web site, encouraging news for men who elect to have prostate surgery soon after being diagnosed with cancer. a new study out of sweden finds that men with early stage prostate cancer who had their prostates surgically removed were significantly more likely to be alive nearly two decades later than men who did not have surgery and instead opted for so-called watchful waiting until further treatment. well, disney cuts one quarter of its workforce in its interactive division. that's where we begin tonight's market focus. 700 jobs will be eliminated from the unit which houses its video games and online properties. disney interactive has suffered more than $1 billion in losses in recent years. and the move is an effort to buy disney to focus more on mobile and social games. shares of disney up a little bit to $83.34. and disney's talks with direct tv also making news today. the media giant discussing a deal with the satellite tv provider to license its shows and channels to the company as part of an internet-based tv
7:16 pm
product. this comes just a few days after disney announced a similar carriage agreement with the dish network. shares of direct tv up about 2.5% today to $79.99. and the private equity firm servers capital management reaching a deal apparently to buy the supermarket chain safeway for more than $9 billion. yesterday there was a rumor that the grocery store owner kroger wanted to make a bid for safeway but serveris has scored the deal now announced after the closing bell. shares safeway off a bit to 39.47. >> customers horded groceries before storms and the chain had the shelves stocked in preparation which drove sales higher. kroger also forecast a higher full-year profit partly because of its acquisition of harris teeter a local food chain. shares still fell a little bit today down almost .75% to 43.37. and darden restaurants cancels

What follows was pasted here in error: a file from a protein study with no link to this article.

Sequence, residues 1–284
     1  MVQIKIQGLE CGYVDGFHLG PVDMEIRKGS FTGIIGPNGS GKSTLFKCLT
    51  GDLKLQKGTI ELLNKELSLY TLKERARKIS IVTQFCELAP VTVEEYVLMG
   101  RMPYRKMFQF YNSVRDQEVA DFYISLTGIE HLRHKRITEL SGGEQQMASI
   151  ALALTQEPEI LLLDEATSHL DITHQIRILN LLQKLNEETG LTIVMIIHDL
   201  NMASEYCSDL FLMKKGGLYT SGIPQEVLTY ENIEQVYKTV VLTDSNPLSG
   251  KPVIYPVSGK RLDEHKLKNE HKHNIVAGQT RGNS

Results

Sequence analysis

7:17 pm
its annual shareholder meeting and will meet with investors one-on-one instead. this as activists pushing for the company to make bold moves to increase value aside from its plan to spin off its red lobster chain. the company believes the small meetings will be more productive. shares rose 2% to $48.91. how much should you trust your stock broker? according to a "wall street journal" analysis, more than 1600 stock brokers have bankruptcy filings, criminal char flags that were not discloseds and have vi unnoticed by regulators, raising concerns about who has access to your money and how you should protect yourself. joining us now to talk more about these findings is michael siganolfi,investment editor at the "wall street journal". what's going on here? >> well, there's a pretty big problem in terms of investors' ability to be able to track what their stock broker's records
7:18 pm